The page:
[CW: mutilation, child neglect]
Aarne-Thompson-Uther Index type 576: The Magic Knife
This is one of those lesser known tales that appeared in the Grimm’s first edition but was removed in later editions. I couldn’t find this specific story in the ATU classification and there is no history available that I could find without doing some serious digging.
As such, there are no illustrations available. I’ve decided to post the story in its entirety because it is very short and like some of the others, really awful. There is no lesson to learn here, except maybe don’t lend your knife to little girls with thuggish brothers.
There once was a little girl who had three brothers, and the boys meant the world to her mother. Yet the little girl was always neglected, treated badly, and forced to go out early in the morning every day to dig up peat from the dry ground on the heath, which they used for making fires and cooking. To top it all off, she was given an old, blunt shovel to perform this nasty work.
But the little girl had an admirer who was an elf and lived in a hill near her mother’s house. Whenever she went by the hill, he would stretch out his hand from the rocky slope and offer her a knife that had miraculous powers and could cut through anything. She used this knife to cut out the peat and would finish her work quickly. Then she would return home happily with the necessary load, and when she walked by the rocky slope, she would knock twice, and the hand would reach out and take back the knife.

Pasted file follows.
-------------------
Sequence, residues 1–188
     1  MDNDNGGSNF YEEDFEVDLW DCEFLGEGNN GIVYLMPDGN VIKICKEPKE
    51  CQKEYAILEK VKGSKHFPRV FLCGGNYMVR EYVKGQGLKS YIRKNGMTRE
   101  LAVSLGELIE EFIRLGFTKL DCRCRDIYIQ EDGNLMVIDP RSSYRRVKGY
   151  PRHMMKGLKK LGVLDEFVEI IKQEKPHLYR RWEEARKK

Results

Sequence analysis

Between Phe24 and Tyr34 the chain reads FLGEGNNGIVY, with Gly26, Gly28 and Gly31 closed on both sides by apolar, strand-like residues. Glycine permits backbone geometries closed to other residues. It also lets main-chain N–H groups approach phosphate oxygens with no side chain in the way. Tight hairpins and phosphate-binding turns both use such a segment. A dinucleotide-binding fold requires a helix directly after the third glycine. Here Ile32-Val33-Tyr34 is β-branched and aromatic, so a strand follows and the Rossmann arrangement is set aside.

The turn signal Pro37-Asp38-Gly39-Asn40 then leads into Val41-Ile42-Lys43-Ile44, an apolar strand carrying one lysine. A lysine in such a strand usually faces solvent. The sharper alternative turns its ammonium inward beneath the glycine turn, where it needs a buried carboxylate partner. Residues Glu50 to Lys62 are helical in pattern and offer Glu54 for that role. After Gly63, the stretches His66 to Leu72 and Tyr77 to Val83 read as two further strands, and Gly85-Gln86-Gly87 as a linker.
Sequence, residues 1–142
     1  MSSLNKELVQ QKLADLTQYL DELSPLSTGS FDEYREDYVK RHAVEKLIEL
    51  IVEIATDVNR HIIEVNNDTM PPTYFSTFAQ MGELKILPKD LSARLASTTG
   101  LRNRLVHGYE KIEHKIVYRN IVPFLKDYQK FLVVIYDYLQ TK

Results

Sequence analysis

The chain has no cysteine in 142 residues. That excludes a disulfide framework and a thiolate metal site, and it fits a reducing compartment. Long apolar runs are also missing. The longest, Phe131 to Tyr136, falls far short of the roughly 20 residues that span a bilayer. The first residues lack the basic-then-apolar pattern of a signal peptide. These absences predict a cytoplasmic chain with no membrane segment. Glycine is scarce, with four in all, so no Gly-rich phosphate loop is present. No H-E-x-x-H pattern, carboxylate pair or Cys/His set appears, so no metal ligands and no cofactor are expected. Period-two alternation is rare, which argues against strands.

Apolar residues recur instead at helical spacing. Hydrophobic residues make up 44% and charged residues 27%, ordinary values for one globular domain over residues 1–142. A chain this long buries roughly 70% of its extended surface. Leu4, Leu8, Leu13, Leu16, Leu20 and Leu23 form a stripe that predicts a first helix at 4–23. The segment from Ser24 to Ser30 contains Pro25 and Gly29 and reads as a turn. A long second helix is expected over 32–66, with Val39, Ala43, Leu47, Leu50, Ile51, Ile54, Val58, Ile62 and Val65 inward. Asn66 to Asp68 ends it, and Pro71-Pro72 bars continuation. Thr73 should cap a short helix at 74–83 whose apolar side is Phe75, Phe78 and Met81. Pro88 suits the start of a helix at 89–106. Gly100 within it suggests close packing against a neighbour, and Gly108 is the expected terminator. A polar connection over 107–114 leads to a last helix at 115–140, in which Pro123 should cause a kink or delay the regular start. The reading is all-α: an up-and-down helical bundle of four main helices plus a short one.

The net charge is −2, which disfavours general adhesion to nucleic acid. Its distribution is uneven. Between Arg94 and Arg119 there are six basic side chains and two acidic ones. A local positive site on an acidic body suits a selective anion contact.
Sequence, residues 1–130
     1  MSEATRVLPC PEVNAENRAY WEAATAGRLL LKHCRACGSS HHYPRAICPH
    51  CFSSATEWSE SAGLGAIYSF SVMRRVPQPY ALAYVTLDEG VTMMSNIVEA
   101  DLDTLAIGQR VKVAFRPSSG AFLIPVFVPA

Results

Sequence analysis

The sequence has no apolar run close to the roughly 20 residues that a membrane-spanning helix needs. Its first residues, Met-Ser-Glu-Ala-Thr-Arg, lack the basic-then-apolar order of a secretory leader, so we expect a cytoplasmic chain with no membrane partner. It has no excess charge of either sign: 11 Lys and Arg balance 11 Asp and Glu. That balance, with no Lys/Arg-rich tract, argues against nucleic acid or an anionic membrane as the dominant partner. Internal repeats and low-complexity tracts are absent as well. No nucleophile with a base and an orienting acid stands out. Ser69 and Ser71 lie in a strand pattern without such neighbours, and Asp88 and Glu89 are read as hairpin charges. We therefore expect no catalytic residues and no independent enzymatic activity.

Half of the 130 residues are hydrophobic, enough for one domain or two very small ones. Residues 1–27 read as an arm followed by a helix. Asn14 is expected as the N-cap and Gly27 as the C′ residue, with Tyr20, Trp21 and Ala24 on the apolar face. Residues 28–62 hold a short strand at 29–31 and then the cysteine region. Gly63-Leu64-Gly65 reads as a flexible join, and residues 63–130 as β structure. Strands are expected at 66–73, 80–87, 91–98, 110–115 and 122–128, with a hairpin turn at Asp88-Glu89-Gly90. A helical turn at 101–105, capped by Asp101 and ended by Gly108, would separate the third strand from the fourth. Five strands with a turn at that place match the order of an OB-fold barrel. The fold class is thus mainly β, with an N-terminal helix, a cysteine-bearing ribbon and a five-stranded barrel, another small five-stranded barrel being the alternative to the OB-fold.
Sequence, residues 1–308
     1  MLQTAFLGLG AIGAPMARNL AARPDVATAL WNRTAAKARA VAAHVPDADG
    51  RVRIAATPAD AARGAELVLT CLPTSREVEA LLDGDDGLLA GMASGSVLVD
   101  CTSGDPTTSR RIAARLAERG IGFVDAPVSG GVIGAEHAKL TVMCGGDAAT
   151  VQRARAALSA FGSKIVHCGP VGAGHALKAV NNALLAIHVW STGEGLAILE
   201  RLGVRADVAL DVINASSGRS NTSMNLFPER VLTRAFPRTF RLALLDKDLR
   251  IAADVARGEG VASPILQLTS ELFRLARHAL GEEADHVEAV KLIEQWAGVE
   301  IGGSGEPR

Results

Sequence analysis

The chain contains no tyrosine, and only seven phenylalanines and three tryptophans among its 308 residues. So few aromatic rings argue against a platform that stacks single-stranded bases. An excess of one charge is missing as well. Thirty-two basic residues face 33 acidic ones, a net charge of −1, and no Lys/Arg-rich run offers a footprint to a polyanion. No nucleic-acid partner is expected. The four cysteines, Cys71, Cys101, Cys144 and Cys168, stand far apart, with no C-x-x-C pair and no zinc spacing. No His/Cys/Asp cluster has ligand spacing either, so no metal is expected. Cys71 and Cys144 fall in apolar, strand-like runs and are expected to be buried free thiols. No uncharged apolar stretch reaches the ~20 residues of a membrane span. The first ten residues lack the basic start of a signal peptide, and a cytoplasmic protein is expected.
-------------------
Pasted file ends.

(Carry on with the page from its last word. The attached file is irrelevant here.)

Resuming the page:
When the mother noticed how swiftly and easily she came back home with the peat, she told the girl’s brothers that there must be someone helping, otherwise, it would be impossible for her to complete the work so fast. So the brothers crept after her and watched her receive the magic knife. They overtook her and forced her to give it to them. Then they returned to the rocky slope, knocked the way she had always done, and when the good elf stretched out his hand, they cut it off with his very own knife. The bloody arm drew back and since the elf believed that his beloved had betrayed him, he was never seen after that.
Grimm, Jacob; Grimm, Wilhelm. The Original Folk and Fairy Tales of the Brothers Grimm: The Complete First Edition. Princeton University Press. Kindle Edition.
3 thoughts on “#FairytaleTuesday: The Hand with the Knife”
There seems to be a common theme here and in The Nightingale and the Blindworm. Don’t lend a valuable and irreplaceable item even to a friend, or you may well suffer as a result.
Shakespeare had the same message.
‘Neither a borrower nor a lender be
For a loan dost oft times lose both itself and a friend.’
Hamlet, Act 1, sc iii.
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